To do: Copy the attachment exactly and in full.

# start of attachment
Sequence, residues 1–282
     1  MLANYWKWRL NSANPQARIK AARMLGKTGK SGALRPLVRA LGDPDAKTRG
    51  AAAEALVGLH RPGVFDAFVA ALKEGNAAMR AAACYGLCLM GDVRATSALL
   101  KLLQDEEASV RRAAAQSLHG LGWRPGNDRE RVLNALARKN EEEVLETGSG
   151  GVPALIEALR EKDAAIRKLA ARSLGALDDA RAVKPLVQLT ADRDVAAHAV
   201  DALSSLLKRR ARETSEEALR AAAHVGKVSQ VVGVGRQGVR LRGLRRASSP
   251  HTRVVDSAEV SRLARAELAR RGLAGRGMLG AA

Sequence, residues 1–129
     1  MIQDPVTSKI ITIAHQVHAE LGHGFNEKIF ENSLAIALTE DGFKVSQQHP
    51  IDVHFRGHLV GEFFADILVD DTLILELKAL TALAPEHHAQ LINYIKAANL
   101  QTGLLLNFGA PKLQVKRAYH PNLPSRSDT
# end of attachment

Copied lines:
Sequence, residues 1–282
     1  MLANYWKWRL NSANPQARIK AARMLGKTGK SGALRPLVRA LGDPDAKTRG
    51  AAAEALVGLH RPGVFDAFVA ALKEGNAAMR AAACYGLCLM GDVRATSALL
   101  KLLQDEEASV RRAAAQSLHG LGWRPGNDRE RVLNALARKN EEEVLETGSG
   151  GVPALIEALR EKDAAIRKLA ARSLGALDDA RAVKPLVQLT ADRDVAAHAV
   201  DALSSLLKRR ARETSEEALR AAAHVGKVSQ VVGVGRQGVR LRGLRRASSP
   251  HTRVVDSAEV SRLARAELAR RGLAGRGMLG AA

Sequence, residues 1–129
     1  MIQDPVTSKI ITIAHQVHAE LGHGFNEKIF ENSLAIALTE DGFKVSQQHP
    51  IDVHFRGHLV GEFFADILVD DTLILELKAL TALAPEHHAQ LINYIKAANL
   101  QTGLLLNFGA PKLQVKRAYH PNLPSRSDT